Chemo Adds No Benefit to Bisphosphonate In Older Breast Cancer Patients

Older patients with moderate- or high-risk breast cancer had a similar disease-free survival with the bisphosphonate therapy ibandronate alone or in combination with capecitabine.

Gunter von Minckwitz, MD

Older patients with moderate- or high-risk breast cancer had a similar disease-free survival with the bisphosphonate therapy ibandronate alone or in combination with capecitabine, according to a study reported at the 2014 San Antonio Breast Cancer Symposium.

Invasive disease-free survival at 3 years was 85.4% with capecitabine and 84.3% without. A slight advantage in favor of the capecitabine arm had emerged at the 5-year follow-up, but the difference did not achieve statistical significance.

Bone-related events occurred frequently in both treatment groups, supporting the need to consider bisphosphonates for older breast cancer patients, said Gunter von Minckwitz, MD, chair of the German Breast Group (GBG) in Neu-Isenberg.

"The study failed to show that adjuvant capecitabine improves invasive disease-free survival in patients receiving ibandronate," von Minckwitz said at a press briefing December 11. "The outcome of older patients with moderate or high-risk early breast cancer receiving ibandronate alone is very favorable."

"Due to the excellent overall prognosis and the high proportion of luminal type tumors, longer follow-up to observe potential late effects of capecitabine is required."

Despite the lack of difference between treatment groups, von Minckwitz added, the findings support those of the Cancer and Leukemia Group B 49907 trial that demonstrated the benefits of combination chemotherapy in older patients with early breast cancer (N Engl J Med. 2009;360(20):2055-2065).

The findings came from the Ibandronate with or without Capecitabine for Elderly Patients with Early Breast Cancer (ICE) trial, conducted jointly by the GBG and the Breast International Group. The trial evolved from recognition that older patients are underrepresented in clinical trials of breast cancer, despite constituting a majority of breast cancer cases, von Minckwitz said.

The primary objective of the trial was to determine whether the addition of capecitabine to ibandronate would improve outcomes of older patients with intermediate- or high-risk early breast cancer who are unsuitable for standard chemotherapy regimens.

Investigators enrolled patients aged 65 and older with node-positive breast cancer, node-negative tumors 2 cm or larger, grade 2 or 3, or hormone receptor-negative breast cancer and a Charlson comorbidity score of 2 or less.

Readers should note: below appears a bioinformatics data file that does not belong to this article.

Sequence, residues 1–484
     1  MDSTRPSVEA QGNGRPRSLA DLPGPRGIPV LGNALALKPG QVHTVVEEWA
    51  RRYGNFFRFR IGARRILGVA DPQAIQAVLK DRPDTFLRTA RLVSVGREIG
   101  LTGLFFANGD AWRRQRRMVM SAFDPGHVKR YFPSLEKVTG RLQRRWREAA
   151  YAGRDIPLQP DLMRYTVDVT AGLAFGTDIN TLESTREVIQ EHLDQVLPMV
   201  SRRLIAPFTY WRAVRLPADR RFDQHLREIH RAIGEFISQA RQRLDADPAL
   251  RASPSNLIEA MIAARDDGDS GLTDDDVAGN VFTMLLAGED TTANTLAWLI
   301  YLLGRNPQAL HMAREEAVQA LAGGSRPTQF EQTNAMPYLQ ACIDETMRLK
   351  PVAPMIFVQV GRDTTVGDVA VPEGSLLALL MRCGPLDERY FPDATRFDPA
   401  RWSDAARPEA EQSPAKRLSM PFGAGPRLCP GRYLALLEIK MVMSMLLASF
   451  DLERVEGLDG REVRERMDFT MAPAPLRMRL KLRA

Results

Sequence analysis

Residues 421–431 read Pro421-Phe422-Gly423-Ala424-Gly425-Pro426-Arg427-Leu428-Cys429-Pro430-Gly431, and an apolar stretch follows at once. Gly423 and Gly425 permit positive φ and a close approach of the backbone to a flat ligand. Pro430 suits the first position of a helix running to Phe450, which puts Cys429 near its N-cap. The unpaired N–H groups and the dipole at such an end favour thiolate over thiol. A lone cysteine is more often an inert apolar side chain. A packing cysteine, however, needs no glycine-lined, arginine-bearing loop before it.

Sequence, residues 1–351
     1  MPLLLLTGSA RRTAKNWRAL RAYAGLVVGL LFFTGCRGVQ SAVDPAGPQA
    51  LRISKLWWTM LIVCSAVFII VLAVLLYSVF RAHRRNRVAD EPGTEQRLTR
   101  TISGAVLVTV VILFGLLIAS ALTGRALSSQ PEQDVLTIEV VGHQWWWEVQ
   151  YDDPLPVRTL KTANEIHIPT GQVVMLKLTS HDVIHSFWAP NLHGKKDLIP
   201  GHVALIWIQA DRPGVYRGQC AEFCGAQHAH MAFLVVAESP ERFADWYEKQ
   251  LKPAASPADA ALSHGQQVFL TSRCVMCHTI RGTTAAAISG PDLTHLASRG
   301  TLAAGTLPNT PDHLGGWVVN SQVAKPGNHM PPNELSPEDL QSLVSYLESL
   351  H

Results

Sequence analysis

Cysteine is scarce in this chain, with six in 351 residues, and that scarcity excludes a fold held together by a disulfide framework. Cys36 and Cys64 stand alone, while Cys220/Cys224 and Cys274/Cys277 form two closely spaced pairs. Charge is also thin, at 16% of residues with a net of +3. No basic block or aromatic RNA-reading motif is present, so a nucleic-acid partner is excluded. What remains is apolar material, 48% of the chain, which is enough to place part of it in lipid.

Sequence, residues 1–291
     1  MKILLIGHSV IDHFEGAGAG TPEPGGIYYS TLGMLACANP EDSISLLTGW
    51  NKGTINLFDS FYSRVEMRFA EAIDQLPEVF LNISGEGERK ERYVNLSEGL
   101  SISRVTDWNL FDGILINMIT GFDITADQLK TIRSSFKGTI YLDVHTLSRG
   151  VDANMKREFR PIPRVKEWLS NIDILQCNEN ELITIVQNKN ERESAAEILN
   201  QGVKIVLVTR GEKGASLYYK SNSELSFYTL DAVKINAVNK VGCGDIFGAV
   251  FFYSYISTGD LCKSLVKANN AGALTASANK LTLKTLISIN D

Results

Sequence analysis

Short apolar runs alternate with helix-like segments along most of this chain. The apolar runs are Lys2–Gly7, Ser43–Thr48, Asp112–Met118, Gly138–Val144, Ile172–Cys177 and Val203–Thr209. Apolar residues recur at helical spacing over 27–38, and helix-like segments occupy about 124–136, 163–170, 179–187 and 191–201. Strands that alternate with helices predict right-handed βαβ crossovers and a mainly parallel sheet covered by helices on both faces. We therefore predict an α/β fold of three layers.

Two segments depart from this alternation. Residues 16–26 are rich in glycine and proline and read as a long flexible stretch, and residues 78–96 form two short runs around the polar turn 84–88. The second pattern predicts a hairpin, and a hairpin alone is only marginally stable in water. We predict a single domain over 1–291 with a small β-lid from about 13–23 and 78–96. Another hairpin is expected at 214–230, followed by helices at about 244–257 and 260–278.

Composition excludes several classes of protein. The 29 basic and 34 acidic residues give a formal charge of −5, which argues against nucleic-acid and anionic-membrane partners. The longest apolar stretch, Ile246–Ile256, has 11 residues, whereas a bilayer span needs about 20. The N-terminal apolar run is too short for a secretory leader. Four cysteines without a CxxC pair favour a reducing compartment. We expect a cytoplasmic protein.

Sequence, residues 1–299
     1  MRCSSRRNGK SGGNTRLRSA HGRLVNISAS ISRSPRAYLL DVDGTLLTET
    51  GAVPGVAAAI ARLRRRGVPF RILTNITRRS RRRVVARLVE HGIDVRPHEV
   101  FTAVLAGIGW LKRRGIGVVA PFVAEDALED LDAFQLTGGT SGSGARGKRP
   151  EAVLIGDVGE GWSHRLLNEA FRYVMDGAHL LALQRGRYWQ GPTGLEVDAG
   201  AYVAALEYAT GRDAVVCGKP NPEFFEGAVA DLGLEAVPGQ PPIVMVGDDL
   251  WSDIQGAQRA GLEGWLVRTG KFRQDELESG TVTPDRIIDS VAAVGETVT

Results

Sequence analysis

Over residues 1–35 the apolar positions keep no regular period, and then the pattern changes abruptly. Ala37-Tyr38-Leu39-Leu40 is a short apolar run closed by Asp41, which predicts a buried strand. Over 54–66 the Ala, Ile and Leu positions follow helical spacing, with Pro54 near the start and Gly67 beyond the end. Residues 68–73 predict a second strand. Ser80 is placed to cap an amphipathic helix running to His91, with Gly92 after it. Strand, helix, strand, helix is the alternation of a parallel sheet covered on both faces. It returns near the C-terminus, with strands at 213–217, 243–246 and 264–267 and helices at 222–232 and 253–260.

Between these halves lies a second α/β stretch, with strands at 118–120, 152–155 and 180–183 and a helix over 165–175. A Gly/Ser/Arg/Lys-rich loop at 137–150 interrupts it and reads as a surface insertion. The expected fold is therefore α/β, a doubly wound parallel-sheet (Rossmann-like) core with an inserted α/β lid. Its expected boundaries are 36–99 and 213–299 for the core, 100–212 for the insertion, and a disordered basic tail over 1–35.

In total, 1358 patients were randomized to capecitabine 2000 mg/m2 on days 1-14 of 3-week cycles (maximum of 6 cycles) plus ibandronate 50 mg PO daily or 6 mg intravenous every 4 weeks, continued for 2 years or to ibandronate alone. The primary endpoint was disease-free survival.

The median age of patients was 71.About 80% of patients had hormone receptor-positive breast cancer, and about 70% had received only aromatase inhibitors. Von Minckwitz noted that 65.4% of patients received oral ibandronate and 34.6% received the intravenous formulation. Subsequently, 2.4% and 3.6% of patients in each group switched ibandronate formulations, respectively.

The 5-year invasive disease-free survival was 78.8% with capecitabine and 75.0% with ibandroante alone (P = 0.7012). Subgroup analysis failed to identify a consistent treatment benefit.

Bone-related events included fractures, surgery, or new osteoporosis but not bone metastasis. The incidence of bone events was 25.0% in the capecitabine arm and 24.7% with ibandronate alone.

During the discussion that followed the presentation, von Minckwitz said treatment for older patients with intermediate- or high-risk early breast cancer should be individualized according to patient characteristics, including comorbidity burden. Whether a patient would receive bisphosphonate monotherapy would depend on demographic and clinical factors.

Adherence to bisphosphonates is an issue with older breast cancer patients, he said. It is of greater concern, however, that evidence shows a large proportion of older breast cancer patients receive no systemic therapy or receive inadequate therapy.

von Minckwitz G, Reimer T, Potenberg J, et al. The phase III ICE study: Adjuvant Ibandronate with or without capecitabine in elderly patients with moderate or high risk early breast cancer. Presented at: 2014 San Antonio Breast Cancer Symposium December 9-12, 2014, San Antonio, TX. Abstract S3-0


View more from the 2014 San Antonio Breast Cancer Symposium